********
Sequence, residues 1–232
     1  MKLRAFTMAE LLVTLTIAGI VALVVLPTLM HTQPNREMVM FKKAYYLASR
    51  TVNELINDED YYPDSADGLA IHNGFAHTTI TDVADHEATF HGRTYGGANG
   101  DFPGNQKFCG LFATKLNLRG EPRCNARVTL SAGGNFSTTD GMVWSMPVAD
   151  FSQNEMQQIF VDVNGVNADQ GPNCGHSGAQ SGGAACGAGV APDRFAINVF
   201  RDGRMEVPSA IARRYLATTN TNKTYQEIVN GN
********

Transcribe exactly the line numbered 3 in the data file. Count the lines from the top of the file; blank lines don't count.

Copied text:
    51  TVNELINDED YYPDSADGLA IHNGFAHTTI TDVADHEATF HGRTYGGANG